Announcement

Collapse
No announcement yet.

Intel Arc Graphics A580 On Linux: Open-Source Graphics For Under $200

Collapse
X
 
  • Filter
  • Time
  • Show
Clear All
new posts

  • Etherman
    replied
    Originally posted by avis View Post

    I don't know what to say man. Your comment is so rich I'm just speechless.
    I made the interesting self explainatory part bold.
    You put a lot of days in a year and you made the hours 58 400 into Wh.
    Last edited by Etherman; 17 October 2023, 11:45 PM.

    Leave a comment:


  • WereCatf
    replied
    Originally posted by flower View Post

    i am not sure how to compare it but i took me around 5 hours to transcode a video to x265 and with the gpu it is around 20min.
    x265 is an encoder, not a codec: you do not encode to x265, you encode with x265. The codec is H.265, regardless of whether you use x265 or QuickSync or NVENC or whatever.

    Leave a comment:


  • QwertyChouskie
    replied
    Originally posted by avis View Post

    I don't know what to say man. Your comment is so rich I'm just speechless.
    Your math didn;t make sense here. It should be 60 (watts) times 8 (hours per day) times 20 (days in a month) time 12 (months in a year) divided by 1000 (so we have KWh instead of Wh). So 115.2 KWh, which at $0.50 per KWh comes out to just under 60 bucks a year.

    Leave a comment:


  • avis
    replied
    Originally posted by Etherman View Post
    Huh? 🤔
    I don't know what to say man. Your comment is so rich I'm just speechless.

    Leave a comment:


  • Quackdoc
    replied
    I struggle to feel the worth of this card considering it's pricing for me, but generally at this point I would wait until the next generation cards

    Leave a comment:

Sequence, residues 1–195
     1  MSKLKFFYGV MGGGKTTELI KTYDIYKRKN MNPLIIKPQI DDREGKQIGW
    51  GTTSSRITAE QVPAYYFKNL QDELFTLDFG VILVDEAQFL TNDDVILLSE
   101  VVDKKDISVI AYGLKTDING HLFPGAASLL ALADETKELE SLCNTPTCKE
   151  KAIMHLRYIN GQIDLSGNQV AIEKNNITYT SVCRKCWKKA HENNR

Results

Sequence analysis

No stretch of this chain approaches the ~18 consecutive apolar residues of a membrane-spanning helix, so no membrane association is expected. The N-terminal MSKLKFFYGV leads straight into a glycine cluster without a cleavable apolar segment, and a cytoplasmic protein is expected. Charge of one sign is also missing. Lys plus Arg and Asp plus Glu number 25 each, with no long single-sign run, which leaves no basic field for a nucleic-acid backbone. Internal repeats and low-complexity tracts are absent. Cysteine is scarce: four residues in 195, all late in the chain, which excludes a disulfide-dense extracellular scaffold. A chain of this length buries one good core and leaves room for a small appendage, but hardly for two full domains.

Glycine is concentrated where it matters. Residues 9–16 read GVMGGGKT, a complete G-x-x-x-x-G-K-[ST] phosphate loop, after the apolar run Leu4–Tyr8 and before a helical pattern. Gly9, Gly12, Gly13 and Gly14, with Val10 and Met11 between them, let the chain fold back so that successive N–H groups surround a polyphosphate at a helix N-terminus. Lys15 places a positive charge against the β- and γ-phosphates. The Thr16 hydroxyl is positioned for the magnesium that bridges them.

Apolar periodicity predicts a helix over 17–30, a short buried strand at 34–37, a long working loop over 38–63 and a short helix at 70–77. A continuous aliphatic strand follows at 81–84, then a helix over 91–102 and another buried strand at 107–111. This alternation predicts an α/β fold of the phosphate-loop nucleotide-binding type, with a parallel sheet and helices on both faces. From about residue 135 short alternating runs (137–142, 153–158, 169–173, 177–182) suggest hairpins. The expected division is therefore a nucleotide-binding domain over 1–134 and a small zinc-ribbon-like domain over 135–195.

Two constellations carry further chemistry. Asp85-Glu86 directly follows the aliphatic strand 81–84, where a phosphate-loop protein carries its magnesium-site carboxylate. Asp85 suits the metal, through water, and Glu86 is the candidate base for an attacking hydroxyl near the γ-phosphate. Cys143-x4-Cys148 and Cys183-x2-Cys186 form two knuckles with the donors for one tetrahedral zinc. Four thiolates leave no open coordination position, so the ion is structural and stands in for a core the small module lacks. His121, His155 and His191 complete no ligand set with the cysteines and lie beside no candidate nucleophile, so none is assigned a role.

• stormcrow
    replied
    Michael Something about the hashcat numbers isn't sitting right for me. I'm not saying they're necessarily wrong, but I've seen numbers like that before where the results were exact whole numbers, or rounded off errors of 1/3 (yet these are whole numbers, not floats, or am I missing the decimal point?) but nothing else that turned out to be number handling errors. It suggests there's some arithmetic or type errors going on behind the scene either in PTS or in Hashcat's results.

    Let me rephrase... I think I'm being unclear... kinda have a sinus headache while writing this:

    So the hash cat results are all whole numbers. But the first two sets end in either 000, 333, 667. This suggest there's a division by 3 somewhere in the result calculation. Yet these are all whole number/integer results. Large whole numbers, which suggests a type conversion error (or overflow perhaps). You're possibly losing a decimal point somewhere or trying to divide an integer or something that results in an integer that looks like a 1/3 division result suggesting that PTS is taking the results of three tests and averaging them, or Hashcat itself is taking a 3 round benchmark and taking an average although my money is that the bug is in PTS... assuming it's not a weird arithmetic fluke.